No. 1 : Quick Recipe
Med Style Fish
- 2 TB Olive Oil
- 1 Large Red Onion, Chopped
- 2 TB Italian Seasoning
- 1 Tsp Sea Salt
- 1/2 Tsp Freshly Ground Pepper
- 1 Cup Dry White Wine
- 2 Large Cans (28 OZ) Fire Roasted Tomatoes
- 1 TB Chopped Parsley
- 2 TB Chopped Fresh Basil
- 2 LBs White Fish like Cod, Halibut or Flounder
- 8 Oz Crumbled Feta
- 1 Cup Chopped Oil-Cured or Kalamata Olives
- 16 OZ Orzo
- Chopped Basil and Parsley
Preheat the oven to 350F. Heat the oil in a sauté pan and cook the onion with the Italian Seasoning, salt and pepper over medium-high heat until the onion is transparent about 5 – 7 minutes. Add the wine and herbs and simmer for 5 minutes.
Add the tomatoes, and cook over medium heat for 20 – 30 minutes, or until the sauce thickens.
Place the fish in the bottom of an oiled, ovenproof casserole dish and top with the sauce. Sprinkle the feta and olives on top. Bake for about 30 minutes or until the fish is just cooked through and sauce is bubbling. While the fish is cooking, prepare the orzo as directed on the package, stir through a couple of TB herbs. When the fish is finished, garnish with herbs. Serve with the prepared orzo.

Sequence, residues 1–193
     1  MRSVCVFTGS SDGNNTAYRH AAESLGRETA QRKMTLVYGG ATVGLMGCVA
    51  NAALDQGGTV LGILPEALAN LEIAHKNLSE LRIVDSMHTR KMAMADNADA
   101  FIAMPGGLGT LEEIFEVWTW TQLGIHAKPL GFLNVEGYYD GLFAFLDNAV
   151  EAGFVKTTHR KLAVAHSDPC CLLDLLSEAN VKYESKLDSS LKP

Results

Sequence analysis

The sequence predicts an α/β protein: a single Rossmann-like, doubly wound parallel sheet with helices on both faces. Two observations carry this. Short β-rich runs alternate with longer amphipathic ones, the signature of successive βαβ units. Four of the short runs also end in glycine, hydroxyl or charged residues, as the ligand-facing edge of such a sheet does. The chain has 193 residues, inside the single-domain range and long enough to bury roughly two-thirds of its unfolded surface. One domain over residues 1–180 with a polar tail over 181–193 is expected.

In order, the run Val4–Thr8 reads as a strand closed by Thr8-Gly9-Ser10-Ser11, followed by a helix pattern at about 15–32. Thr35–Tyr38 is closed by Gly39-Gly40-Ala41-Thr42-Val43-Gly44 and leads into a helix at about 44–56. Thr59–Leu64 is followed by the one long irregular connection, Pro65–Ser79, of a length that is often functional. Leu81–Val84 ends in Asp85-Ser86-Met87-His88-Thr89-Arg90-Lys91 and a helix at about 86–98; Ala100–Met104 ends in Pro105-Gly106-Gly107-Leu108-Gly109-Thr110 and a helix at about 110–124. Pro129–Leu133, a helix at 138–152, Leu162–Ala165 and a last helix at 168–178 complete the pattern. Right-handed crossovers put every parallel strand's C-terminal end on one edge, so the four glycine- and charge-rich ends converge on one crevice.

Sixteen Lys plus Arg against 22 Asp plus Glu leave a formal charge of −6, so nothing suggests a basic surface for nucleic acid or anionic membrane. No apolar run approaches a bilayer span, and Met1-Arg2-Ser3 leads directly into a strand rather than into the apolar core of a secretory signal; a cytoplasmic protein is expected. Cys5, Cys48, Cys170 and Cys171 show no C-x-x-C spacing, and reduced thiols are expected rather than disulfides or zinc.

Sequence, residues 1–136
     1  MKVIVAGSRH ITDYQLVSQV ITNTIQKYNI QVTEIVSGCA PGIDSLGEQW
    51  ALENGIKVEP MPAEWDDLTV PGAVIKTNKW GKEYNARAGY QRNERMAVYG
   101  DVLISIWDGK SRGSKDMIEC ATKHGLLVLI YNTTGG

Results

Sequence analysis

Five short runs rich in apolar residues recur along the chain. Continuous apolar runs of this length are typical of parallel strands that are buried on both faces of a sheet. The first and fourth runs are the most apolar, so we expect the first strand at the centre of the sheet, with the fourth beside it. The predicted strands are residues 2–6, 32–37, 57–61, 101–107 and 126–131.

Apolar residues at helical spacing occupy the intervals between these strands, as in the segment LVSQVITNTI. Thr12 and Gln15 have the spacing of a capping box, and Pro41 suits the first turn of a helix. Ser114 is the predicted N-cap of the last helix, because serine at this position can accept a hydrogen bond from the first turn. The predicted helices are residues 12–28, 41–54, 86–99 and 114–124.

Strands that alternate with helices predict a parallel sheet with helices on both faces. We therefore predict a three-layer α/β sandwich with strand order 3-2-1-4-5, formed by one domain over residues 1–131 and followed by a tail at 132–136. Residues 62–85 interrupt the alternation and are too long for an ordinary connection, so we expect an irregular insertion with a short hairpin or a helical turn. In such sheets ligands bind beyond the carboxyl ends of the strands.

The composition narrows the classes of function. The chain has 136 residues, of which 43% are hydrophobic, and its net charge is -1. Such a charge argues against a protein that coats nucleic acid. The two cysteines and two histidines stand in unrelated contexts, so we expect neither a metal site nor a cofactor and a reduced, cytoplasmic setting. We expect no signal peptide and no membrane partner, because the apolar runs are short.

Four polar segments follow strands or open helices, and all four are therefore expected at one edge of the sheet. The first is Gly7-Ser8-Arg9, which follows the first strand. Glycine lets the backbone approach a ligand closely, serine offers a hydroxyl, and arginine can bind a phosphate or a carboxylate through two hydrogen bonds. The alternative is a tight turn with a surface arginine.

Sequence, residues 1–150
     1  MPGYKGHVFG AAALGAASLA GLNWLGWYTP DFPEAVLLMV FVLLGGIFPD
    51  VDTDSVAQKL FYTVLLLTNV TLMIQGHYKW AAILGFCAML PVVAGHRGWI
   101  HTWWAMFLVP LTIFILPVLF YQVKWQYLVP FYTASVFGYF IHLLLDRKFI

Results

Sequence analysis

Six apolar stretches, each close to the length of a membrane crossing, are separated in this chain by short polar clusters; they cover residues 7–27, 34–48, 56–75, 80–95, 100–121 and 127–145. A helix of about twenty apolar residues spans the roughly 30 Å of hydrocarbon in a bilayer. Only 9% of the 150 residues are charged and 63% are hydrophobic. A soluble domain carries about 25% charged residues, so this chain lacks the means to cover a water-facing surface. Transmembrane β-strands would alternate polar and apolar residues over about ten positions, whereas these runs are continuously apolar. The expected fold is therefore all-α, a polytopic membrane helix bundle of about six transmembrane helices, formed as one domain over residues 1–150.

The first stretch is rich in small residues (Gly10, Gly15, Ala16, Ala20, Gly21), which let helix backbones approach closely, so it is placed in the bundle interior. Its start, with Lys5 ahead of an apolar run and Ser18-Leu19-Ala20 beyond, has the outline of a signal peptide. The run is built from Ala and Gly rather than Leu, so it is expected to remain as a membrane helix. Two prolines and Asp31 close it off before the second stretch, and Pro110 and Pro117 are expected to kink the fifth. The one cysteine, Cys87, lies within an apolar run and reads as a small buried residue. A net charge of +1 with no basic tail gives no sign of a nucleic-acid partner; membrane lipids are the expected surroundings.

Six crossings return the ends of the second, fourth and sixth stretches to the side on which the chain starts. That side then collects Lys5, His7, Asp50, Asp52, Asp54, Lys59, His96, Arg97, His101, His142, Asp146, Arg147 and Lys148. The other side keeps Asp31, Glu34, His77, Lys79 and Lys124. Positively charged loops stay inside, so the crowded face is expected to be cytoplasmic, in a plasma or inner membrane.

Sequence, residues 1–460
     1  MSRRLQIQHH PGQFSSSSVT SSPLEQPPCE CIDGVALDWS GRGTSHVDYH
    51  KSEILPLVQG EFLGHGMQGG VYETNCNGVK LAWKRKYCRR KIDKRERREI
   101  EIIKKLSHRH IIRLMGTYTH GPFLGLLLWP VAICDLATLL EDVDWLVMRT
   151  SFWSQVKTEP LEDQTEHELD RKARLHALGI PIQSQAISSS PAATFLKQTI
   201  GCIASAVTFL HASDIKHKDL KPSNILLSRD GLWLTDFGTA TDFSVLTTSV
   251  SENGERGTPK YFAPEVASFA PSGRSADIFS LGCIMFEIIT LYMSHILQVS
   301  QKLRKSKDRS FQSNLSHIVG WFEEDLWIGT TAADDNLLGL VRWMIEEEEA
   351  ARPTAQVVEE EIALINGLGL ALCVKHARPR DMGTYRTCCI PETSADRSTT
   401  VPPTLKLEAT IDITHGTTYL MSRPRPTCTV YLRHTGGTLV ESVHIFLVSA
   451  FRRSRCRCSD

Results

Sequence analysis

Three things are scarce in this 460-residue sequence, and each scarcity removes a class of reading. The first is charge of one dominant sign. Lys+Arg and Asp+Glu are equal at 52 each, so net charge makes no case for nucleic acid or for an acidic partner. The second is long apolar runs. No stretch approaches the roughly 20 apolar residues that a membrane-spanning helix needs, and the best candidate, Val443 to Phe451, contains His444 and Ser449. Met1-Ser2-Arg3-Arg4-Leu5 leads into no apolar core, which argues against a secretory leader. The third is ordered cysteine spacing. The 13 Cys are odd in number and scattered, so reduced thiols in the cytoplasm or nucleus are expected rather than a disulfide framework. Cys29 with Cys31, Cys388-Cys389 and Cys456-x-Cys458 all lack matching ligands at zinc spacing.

No. 2 : Kitchen Scoop
Orzo is a pasta shape that resembles barley, and thats exactly where it gets its name in Italian. Orzo is used all over Italy – as a side, part of a casserole or in a soup. Just like all pasta, orzo is best when served al dente, or firm.
No. 3 : Clever Idea
I love oil-cured olives, but they can be hard to find, and they almost always have to be pitted! These olives are first dry-cured in salt, and then later soaked in olive oil, giving them a plump, moist, concentrated flavor and salty tang. If you can’t find them, Kalamata olives are a good substitute. The easiest way to pit olives is to use the flat side of a chefs knife to first mash them and then the pits will be easy to remove.
No. 4 : Cheers!
Lyrarakis Assyrtiko Voila
Eastern Crete, Greece
Never heard of it? You’re not alone. This grape varietal, native to Greece, Assyrtiko (Ah SEER tee koo) is full of good acidity, with firm structure and tropical fruit aromas. It’s a shoe-in for Feta’s strong, rich and salty flavors. I can find it in my local wine store, but if you can’t, try a Sauvignon Blanc from the Loire in France or from the Pacific Northwest. You need a wine with substance to pair with this week’s delicious fish dish.